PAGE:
Preparing countries to keep Fall Armyworm away from their territories
Fall Armyworm has already affected more than seventy countries worldwide and is now classified as a priority pest in many regions of the world. According to FAO, up to 17.7 million tonnes of maize could be lost annually if Fall Armyworm is not properly prevented and managed, enough to feed tens of millions of people. Due to its capacity to fly up to 100 km per day and its high reproductive rate, this transboundary pest can spread rapidly across borders, also helped by international trade and travel. Once introduced and established in a new territory, Fall Armyworm is impossible to eradicate. That is why preventing its introduction and further spread is critical to limit damages on food security and agriculture.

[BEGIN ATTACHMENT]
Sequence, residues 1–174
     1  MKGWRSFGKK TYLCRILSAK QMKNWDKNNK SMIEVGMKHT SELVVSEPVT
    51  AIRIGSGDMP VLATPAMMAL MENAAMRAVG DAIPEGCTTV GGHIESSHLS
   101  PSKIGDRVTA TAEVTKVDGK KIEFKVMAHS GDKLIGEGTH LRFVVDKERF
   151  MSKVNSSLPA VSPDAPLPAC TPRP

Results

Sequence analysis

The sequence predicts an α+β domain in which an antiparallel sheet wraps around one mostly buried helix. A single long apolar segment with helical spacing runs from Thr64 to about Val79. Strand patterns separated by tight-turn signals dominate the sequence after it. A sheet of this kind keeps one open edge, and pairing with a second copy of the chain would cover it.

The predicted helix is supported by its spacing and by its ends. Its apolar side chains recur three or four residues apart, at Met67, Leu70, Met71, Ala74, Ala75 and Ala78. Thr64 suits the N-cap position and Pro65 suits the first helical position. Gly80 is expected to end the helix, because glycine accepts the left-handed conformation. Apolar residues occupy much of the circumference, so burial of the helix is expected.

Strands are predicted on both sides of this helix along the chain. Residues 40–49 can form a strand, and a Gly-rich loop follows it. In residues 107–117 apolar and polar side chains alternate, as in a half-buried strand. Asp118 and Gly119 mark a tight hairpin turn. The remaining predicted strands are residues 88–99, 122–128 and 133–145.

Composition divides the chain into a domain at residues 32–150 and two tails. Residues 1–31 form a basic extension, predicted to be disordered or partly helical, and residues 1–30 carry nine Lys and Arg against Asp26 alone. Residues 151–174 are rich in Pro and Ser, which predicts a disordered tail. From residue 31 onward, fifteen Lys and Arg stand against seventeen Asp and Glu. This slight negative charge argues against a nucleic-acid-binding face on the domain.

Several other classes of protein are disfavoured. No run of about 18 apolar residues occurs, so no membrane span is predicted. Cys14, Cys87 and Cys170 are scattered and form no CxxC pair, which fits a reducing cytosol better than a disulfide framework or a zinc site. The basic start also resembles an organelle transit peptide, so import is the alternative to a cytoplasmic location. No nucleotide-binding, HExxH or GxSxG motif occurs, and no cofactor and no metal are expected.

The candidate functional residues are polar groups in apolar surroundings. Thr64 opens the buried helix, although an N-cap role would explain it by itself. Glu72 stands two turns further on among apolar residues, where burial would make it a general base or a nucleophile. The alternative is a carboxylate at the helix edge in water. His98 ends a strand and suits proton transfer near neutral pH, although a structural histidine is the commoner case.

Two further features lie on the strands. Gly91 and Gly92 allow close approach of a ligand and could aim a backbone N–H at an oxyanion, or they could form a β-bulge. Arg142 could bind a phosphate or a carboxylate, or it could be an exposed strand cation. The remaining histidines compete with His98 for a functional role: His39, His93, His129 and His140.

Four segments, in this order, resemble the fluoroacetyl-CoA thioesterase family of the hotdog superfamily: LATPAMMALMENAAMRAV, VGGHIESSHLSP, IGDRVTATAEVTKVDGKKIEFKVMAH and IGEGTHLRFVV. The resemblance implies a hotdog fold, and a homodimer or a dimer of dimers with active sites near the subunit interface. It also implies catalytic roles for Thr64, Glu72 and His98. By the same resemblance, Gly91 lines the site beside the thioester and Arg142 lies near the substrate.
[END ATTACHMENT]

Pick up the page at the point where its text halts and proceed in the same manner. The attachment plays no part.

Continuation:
The Secretariat of the International Plant Protection Convention (IPPC) has developed Prevention, preparedness and response guidelines to stop Fall Armyworm’s spread to new areas. These guidelines are directed at the national plant protection organizations of countries where Fall Armyworm is regulated as a quarantine pest. Developed under the framework of the FAO Global Action for Fall Armyworm control in consultation with Europe, the Near East and North Africa, and the Pacific region, the IPPC guidelines for Spodoptera frugiperda identify globally harmonized measures and actions countries can take to stop Fall Armyworm from spreading to their territories.··